Some Assembly Required

Project – Cable Car Coat
Patons Pattern Book #500872 Next Steps Six – Learn to Cable
Yarn – Patons Shetland Chunky in 03210 Rich Teal
Blogger – K1Paula2

Now that I've got all the main sections completed (yay!), I need to block the front panels, collar and cuffs and re-block the back (yes, the edges curled back in). That's because this pattern requires some assembly before I can pick up 190 stitches to work the lower edging. With one blocking board three large pieces to block, it may be a few days before the pieces are dry and ready to assemble.

After I pick up those 190 stitches, I'll need to pick up 130 along the right front and another 130 on the left front. The right side has button holes, which I'd imagine will make perfect spacing even more crucial.

Have I mentioned how much I dread picking up that many stitches? Picking up couple stitches here and there isn't so bad, but there's real planning and some actual math required to figure out how many stitches I'll need to pick up per inch so they're evenly spaced.

Anyone have tricks to share while I wait for the blocking to dry?



I use those safety pin like stitch markers and divide the sections up and determine how many stitches I need in each section. Slow and steady.

Good idea. Thanks!

Great tip! Thanks.

I can't believe how quickly you're getting this done! I made a scarf - a SCARF - in high school that took me years. You inspire me to try harder. :)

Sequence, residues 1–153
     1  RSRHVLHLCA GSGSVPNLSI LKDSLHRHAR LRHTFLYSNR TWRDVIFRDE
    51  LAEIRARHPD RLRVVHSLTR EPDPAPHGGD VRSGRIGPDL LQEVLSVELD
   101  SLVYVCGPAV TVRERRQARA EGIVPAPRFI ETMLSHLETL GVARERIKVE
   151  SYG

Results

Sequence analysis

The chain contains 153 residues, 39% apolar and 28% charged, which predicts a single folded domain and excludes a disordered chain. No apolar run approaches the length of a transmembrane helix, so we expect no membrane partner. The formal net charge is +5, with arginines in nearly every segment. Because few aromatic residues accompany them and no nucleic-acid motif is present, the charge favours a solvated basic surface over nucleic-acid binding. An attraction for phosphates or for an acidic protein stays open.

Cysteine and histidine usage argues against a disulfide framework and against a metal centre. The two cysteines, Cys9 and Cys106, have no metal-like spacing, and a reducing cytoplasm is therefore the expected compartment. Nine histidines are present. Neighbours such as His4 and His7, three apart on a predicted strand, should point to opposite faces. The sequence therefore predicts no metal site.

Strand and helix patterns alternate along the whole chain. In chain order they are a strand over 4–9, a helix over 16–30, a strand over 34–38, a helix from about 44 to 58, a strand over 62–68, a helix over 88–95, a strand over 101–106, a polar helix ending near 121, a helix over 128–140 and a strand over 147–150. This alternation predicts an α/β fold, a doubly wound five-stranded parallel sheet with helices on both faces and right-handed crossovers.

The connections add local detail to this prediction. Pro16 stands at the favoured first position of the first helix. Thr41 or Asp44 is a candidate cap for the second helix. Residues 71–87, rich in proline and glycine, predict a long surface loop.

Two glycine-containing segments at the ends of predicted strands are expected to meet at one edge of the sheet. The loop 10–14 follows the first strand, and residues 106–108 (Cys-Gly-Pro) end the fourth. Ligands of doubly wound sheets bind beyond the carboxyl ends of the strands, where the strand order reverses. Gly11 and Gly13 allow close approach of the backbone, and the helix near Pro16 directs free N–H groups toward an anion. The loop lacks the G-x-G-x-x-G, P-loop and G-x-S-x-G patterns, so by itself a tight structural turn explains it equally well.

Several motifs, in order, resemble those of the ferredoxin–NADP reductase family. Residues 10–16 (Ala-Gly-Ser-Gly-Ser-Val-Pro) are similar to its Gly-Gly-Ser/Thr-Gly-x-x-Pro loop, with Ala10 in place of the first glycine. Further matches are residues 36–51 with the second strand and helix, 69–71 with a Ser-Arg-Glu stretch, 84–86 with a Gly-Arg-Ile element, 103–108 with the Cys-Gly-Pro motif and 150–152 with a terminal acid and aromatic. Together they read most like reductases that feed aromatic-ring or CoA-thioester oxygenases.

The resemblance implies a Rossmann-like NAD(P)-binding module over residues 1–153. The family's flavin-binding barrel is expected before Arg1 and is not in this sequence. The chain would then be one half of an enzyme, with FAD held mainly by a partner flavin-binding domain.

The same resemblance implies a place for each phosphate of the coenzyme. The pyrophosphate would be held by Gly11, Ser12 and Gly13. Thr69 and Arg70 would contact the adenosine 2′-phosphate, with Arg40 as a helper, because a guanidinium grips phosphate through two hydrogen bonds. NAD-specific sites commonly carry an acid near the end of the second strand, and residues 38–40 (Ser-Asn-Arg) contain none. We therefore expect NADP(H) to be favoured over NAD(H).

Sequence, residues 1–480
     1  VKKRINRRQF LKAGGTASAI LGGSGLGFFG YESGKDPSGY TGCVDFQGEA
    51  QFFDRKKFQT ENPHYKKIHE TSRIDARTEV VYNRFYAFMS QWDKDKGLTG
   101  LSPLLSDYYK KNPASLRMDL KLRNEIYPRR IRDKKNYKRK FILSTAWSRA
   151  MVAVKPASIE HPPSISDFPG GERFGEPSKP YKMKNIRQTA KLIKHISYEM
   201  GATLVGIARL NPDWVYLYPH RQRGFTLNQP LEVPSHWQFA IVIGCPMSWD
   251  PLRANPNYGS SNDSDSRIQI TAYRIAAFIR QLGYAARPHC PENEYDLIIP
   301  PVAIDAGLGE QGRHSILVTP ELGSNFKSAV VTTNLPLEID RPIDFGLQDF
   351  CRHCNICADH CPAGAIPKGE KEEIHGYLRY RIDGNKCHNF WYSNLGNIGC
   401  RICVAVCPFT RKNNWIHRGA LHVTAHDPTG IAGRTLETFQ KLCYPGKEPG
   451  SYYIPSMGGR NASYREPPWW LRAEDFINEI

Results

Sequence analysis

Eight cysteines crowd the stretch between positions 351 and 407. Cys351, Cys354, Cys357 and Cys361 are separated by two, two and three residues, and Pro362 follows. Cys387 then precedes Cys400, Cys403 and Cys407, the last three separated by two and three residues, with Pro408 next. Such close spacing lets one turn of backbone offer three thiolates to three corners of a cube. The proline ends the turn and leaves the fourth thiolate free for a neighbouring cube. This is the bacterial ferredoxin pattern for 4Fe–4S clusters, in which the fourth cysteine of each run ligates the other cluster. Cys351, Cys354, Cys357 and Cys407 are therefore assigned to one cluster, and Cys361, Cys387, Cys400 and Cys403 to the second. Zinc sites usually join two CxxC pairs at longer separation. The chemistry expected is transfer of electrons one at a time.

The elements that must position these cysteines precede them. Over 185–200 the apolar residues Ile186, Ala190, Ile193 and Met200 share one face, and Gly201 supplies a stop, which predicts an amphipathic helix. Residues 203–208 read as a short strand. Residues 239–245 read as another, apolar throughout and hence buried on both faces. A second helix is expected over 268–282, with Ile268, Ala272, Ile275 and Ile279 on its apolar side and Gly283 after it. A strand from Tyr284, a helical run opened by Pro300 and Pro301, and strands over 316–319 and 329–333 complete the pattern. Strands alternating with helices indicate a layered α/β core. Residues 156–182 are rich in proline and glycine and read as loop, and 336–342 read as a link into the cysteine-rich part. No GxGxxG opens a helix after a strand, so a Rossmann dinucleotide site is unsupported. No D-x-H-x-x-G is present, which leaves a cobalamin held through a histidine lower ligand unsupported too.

Oh Lori, you know how much a deadline can inspire one to get something done. Having to post regular updates would quickly encourage you to keep going.

Pat taught me the same way that yoelizbo suggested....fold the area (where the stitches will be picked up from) in half and place a marker. Then continue doing this to each side of the first marker until you feel comfortable with the amount of stitches. Good luck, that is not my strong point either!!

Since we both know Pat's a knitting genius, I guess it also means YoElizbo is, too! I should be working on the edging next time I see you, Jeanne, so I'll be anxious to see your reaction!

Hi Paula, when knitting the front and Panel C repeat 8 rows, and panel A repeat 36 rows I would end up at C 2nd row and A 36th row to complete the pattern. Do I then start over a C 3rd row and A 1st row or do I go to C 1st row and A 1st row? It is such a beautiful coat , I hope you will enjoy it for many years to come.

Hi Ev - here's how I handled the dueling cable patterns: Since Panel C has an 8-row repeat and Panel A has a 36-row repeat, I made an 8-line grid chart with however many columns fit. The third row of Panel C was the only one with a cable twist, the rest of C was stockinette, so I drew a line across the entire third row line, to remind me to cable stitches. When I completed each row, I wrote the row number in the box. When I got to 36, I started again with 1. That helped me track both panel patterns. (when a panel starts with a row other than row 1, I adjust accordingly. For example, if it's row 6 of Panel C, but row 20 of Panel A, I would write "20" in line 6 of the grid. Does that make sense?)